oil or any mixture containing oil into the territorial or navigable inland waters. PETROLEUM REFINING REGULATIONS 1974 which deals among

other things with construction requirements for storage tanks to minimize damage from leakages. GEOGRAPHIC INFORMATION SYSTEM (GIS) This is used in order to reduce the response time and qualify the decision-making process, it also provides Information on the exact position and size of the oil spill can be plotted on maps in GIS and the decisions on the priority of the combat efforts and means taken according to the identified coastal sensitive areas. The GIS offers opportunities for the integration of oil drift forecast models (prediction of wind and current influence on the oil spill) in the computer framework.

CONTIGENCY PLAN It is very difficult to generalize on oil spills. Each spill has its own set of characteristics; Location, distance from shore, degree of environmental sensitivity, shallow or deep water, waves current, wind speed and direction, temperature, size of spill, type of oil, time after spill, debris, soil permeability, soil aggregate size, color nutrient, etc. There are several factors which determine how effectively an oil spill can be managed and since no one knows when an oil spill will occur or the quantity that will be spilled, it is better to be prepared always, that is why a Contingency plan is needed in every petroleum company. A Contingency plan is that plan for what to do when particular event(Oil Spill) happens. Below are some of the factors that are incorporated in an appropriate contingency plan; Availability of properly maintained equipments and products (ships, skimmers systems, booms, pumps, storage tanks, dispersants, sorbents, etc.) Availability of manpower Environmental sensitivity index (what to protect first) Communication Information Surveillance Command Strategy/planning Health and safety Maintenance and training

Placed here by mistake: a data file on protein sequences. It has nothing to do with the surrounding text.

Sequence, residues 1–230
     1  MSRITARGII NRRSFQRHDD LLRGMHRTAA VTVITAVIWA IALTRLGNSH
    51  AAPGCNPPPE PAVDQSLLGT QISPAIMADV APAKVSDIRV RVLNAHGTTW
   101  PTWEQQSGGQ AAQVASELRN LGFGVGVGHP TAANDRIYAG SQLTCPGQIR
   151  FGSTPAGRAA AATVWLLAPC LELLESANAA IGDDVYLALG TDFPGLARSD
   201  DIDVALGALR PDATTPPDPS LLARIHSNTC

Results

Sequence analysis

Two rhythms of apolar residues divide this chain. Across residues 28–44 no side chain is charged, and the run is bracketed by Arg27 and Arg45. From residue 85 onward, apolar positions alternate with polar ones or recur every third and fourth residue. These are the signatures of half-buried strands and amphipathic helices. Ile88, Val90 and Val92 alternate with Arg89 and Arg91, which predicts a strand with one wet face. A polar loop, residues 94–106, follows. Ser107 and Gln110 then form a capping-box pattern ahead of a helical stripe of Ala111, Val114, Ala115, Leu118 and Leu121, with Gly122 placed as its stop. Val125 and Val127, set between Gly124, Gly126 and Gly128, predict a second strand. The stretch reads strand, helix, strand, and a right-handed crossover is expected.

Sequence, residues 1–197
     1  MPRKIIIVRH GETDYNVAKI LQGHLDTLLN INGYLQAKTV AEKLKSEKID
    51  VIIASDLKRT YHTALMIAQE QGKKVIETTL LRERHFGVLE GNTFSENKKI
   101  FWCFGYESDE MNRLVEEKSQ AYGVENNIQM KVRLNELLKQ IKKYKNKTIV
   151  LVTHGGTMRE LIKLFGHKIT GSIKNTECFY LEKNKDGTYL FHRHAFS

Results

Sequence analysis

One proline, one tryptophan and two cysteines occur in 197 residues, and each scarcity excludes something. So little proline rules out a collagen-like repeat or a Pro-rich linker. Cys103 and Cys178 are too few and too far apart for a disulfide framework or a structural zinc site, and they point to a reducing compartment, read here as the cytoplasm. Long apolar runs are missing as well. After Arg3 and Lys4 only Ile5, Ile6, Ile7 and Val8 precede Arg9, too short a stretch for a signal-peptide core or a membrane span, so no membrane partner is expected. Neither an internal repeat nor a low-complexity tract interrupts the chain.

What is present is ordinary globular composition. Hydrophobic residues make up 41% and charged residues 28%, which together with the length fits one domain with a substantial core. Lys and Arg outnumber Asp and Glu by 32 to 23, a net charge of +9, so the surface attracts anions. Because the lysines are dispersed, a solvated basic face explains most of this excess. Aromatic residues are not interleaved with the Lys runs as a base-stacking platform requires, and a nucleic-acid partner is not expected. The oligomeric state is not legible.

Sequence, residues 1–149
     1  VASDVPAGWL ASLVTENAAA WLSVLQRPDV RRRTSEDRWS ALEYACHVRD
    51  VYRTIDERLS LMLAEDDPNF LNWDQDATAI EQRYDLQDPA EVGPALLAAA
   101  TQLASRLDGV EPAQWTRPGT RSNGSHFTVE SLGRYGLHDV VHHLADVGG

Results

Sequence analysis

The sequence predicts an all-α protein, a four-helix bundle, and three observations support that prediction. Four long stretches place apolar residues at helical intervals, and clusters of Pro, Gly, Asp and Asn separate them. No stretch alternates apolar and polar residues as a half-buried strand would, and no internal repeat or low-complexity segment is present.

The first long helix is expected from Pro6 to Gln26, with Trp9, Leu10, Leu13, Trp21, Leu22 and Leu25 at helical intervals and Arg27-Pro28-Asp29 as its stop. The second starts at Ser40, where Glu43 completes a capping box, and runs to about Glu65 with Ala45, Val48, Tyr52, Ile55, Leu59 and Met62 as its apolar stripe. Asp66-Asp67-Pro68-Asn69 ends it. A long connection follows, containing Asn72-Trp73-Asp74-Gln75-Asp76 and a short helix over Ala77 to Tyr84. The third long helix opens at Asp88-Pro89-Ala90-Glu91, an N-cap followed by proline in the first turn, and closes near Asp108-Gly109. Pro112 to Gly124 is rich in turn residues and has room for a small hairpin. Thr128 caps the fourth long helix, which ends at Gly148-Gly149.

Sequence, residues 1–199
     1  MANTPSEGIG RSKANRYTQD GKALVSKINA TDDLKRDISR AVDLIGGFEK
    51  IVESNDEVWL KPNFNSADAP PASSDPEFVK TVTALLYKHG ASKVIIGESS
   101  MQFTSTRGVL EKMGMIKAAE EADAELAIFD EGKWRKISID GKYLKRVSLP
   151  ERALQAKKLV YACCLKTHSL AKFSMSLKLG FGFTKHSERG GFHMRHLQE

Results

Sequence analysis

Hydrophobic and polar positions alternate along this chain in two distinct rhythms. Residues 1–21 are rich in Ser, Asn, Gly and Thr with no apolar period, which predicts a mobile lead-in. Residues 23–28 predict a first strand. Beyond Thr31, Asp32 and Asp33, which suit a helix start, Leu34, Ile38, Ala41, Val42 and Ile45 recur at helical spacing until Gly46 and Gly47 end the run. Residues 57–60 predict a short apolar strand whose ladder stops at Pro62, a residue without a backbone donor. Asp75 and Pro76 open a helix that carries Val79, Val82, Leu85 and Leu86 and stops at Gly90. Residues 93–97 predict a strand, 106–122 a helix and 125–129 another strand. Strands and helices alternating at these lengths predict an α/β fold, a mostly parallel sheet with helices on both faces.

ENVIRONMENTAL SENSITIVITY INDEX (ESI) Nigerian regulatory requirements specify ESI mapping as part of the contingency planning for oil exploration and production activities to better protect the deltas natural resources. Below are the basic contents/scope: F Soil and Sediment Attributes: Permeability, Aggregate size, colour, Nutrient etc. F Ecology: Biodiversity, Toxicological back of marine mammals/fish, floral & fauna. F Land Use: Human activities/Settlements, Present & Future

development, population structure/density, Adjoining uses and socioeconomic activities F Microbiology: Emphasis on regeneration ability and bacterial condition that aid natural attenuation F Cinematic and Weather conditions: Wind Direction, Speed, Pressure, Temperature, Precipitation, Humidity, And Air Quality Index etc. WORK DONE/JOBS ENGAGED DURING SIWES In the event of any oil spill to the environment, the agency in agreement with all the stakeholders involved i.e. the oil companies, the SMENV, and the DPR have drafted several field investigation techniques from the period the spill occurred through the clean-up then to the remediation of the impacted site. With special regard to oil spill on land because that was with I was involved in during the period of my stay, the order of event and actions is further explained below; OIL SPILL CLEAN UP
REMEDIATION

JIV (joint investigation visit) PCI (post clean up inspection)


REMEDIATION INSPECTION

MONITORING/CERTIFICATION